If you’re disposing of an old computer or laptop via recycling, reselling, or donating, there are several steps you will want to take to prepare it for disposal. You need to clean off the computer’s hard to ensure personal data isn’t leaked.
Computers often hold personal and financial information, including passwords, account numbers, license keys or registration numbers for software programs, addresses and phone numbers, medical and prescription information, tax returns, and other personal documents. Before getting rid of your old computer, it’s a good idea to use software to “wipe” the hard drive clean. If you don’t, consider your old hard drive a 21st century treasure chest for identity thieves and information pirates. The Federal Trade Commission (FTC), the nation’s consumer protection agency, says you can deter identity theft and information piracy by taking a few preventive steps.
Understanding Hard Drives
A computer’s hard drive stores data, and maintains an index of files. When you save a file, especially a large one, it is scattered around the hard drive in bits and pieces. Files also are automatically created by browsers and operating systems. When you open a file, the hard drive checks the index, then gathers the bits and pieces and reconstructs them.
When you delete a file, the links between the index and the file disappear, signaling to your system that the file isn’t needed any longer and that hard drive space can be overwritten. But the bits and pieces of the deleted file stay on your computer until they’re overwritten, and they can be retrieved with a data recovery program. To remove data from your hard drive permanently, it needs to be wiped clean.
Cleaning Hard Dives
Before you clean your hard drive, save the files that are important to you on an external storage device — for example, a USB drive, a CDRom, or an external hard drive — or transfer them to a new computer. Check your owner’s manual, the manufacturer’s website, or its customer support line for information on how to save data and transfer it to a new computer.
Utility programs to wipe your hard drive are available both online and in stores where computers are sold. They’re generally inexpensive; some are available on the Internet for free. Wipe utility programs vary in their capabilities: some erase the entire disk, while others allow you to select files or folders to erase. They also vary in their effectiveness: programs that overwrite or wipe the hard drive many times are very effective; those that overwrite or wipe the drive only once may not prevent information being wiped from being recovered later. If your old computer contains sensitive information that would be valuable to an identity thief, consider using a program that overwrites or wipes the hard drive many times. Or, remove the hard drive, and physically destroy it.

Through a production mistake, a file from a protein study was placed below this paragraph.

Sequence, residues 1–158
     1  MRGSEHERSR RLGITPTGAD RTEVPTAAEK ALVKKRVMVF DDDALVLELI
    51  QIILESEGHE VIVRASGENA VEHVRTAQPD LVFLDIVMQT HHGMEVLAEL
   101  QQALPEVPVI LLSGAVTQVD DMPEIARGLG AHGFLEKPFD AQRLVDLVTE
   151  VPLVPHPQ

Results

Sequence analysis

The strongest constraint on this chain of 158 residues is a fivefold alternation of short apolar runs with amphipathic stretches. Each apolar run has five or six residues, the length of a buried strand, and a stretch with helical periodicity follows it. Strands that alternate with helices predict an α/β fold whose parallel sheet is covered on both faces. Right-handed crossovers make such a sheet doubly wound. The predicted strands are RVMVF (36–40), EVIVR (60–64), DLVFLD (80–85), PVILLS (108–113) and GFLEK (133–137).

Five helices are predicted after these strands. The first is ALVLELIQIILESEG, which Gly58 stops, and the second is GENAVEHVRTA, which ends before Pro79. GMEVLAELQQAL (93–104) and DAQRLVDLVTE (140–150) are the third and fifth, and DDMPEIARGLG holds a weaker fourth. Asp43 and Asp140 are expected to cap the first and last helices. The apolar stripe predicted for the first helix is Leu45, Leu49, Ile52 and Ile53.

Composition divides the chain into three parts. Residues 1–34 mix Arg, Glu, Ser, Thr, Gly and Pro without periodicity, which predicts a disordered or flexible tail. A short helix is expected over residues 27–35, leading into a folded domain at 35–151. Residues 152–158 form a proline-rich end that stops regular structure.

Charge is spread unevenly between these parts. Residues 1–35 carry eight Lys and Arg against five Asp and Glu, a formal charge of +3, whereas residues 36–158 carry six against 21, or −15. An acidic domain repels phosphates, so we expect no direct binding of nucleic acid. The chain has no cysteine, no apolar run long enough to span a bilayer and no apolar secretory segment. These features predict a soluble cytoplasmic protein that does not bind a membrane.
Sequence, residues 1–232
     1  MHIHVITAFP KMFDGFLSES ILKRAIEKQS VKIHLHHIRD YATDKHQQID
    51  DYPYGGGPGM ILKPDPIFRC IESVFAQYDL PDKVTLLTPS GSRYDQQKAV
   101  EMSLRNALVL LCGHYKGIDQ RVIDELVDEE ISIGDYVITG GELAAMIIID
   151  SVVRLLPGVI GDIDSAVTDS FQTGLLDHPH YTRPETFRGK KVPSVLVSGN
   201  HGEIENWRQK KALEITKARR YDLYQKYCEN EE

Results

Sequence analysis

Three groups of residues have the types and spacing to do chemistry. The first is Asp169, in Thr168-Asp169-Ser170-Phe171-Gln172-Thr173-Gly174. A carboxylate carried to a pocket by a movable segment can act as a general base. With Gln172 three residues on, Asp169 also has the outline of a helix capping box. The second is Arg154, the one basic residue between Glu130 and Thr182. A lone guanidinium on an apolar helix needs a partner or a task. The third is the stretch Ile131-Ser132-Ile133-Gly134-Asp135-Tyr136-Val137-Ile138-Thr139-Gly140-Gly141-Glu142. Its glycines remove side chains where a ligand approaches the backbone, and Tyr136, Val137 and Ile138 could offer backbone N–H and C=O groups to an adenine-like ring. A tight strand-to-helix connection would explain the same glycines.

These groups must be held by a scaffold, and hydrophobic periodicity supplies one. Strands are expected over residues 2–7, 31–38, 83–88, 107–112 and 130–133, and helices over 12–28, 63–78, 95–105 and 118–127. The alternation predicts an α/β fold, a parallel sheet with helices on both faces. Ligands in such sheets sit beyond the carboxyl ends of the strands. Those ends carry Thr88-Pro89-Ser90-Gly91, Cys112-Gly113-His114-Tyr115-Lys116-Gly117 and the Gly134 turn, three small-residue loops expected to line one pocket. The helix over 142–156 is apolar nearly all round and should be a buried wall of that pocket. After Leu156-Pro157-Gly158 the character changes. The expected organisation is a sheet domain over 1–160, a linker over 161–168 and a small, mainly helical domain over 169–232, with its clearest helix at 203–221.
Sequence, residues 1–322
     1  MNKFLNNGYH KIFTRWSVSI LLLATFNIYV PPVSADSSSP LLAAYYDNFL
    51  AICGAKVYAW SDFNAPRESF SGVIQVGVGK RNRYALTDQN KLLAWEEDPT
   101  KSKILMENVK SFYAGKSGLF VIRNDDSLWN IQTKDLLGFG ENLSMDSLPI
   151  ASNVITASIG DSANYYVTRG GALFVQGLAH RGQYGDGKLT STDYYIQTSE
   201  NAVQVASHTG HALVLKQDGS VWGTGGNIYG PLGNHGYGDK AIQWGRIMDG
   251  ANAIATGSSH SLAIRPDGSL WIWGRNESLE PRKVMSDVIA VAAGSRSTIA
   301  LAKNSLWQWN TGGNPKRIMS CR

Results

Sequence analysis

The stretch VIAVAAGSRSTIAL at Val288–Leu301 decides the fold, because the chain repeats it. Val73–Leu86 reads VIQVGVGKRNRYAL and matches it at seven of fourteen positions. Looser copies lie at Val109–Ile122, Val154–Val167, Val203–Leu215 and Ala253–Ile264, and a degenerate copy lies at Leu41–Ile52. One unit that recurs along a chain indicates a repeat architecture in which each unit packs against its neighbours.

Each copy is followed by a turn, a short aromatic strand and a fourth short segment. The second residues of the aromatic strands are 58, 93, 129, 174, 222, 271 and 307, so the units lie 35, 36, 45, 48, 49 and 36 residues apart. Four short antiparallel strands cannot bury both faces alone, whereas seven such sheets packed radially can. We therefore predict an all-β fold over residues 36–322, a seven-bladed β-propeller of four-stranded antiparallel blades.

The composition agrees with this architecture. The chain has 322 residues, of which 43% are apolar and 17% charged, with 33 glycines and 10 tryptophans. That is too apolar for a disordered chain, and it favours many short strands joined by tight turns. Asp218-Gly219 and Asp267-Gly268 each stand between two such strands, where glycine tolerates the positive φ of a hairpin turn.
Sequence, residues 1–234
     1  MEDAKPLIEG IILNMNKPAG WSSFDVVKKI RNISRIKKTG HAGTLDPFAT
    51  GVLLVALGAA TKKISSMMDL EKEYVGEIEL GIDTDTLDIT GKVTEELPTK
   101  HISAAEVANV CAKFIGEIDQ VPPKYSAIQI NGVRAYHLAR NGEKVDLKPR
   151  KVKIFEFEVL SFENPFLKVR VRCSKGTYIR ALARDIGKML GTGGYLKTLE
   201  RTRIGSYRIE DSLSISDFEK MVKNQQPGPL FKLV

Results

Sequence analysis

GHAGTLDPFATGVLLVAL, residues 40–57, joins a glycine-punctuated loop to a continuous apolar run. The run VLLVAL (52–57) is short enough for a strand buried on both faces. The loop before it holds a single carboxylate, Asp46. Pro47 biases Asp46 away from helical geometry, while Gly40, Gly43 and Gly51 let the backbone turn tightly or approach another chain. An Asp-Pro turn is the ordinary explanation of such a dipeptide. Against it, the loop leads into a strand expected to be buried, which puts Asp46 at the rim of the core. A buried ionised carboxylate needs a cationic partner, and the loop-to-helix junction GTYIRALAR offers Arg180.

One more thing to keep in mind: If you use your home or personal computer for business purposes, check with your employer about how to manage information on your computer that’s business-related. The law requires businesses to follow data security and disposal requirements for certain information that’s related to customers.
Once you have a “clean” computer, here’s how to dispose of it:
- Recycle it. Many computer manufacturers have programs to recycle computers and components. Check their websites or call their toll-free numbers for more information. The Environmental Protection Agency (EPA) has information on electronic product recycling programs at www.epa.gov/epaoswer/hazwaste/recycle/ecycling/donate.htm.
- Your local community may have a recycling program. Check with your county or local government, including the local landfill office for regulations.
- Donate it. Many organizations collect old computers and donate them to charities.
- Resell it. Some people and organizations buy old computers. Check online.
Keep the environment in mind when disposing of your computer. Most computer equipment contains hazardous materials that don’t belong in a landfill. For example, many computers have heavy metals that can contaminate the earth. The EPA recommends that you check with your local health and sanitation agencies for ways to dispose of electronics safely.
Wiping the hard drive in your computer is very important to ensure your personal data and confidential information isn’t discovered by the next owner. Erasing all of the contents and ensuring it is absolutely blank is essential to protecting your data.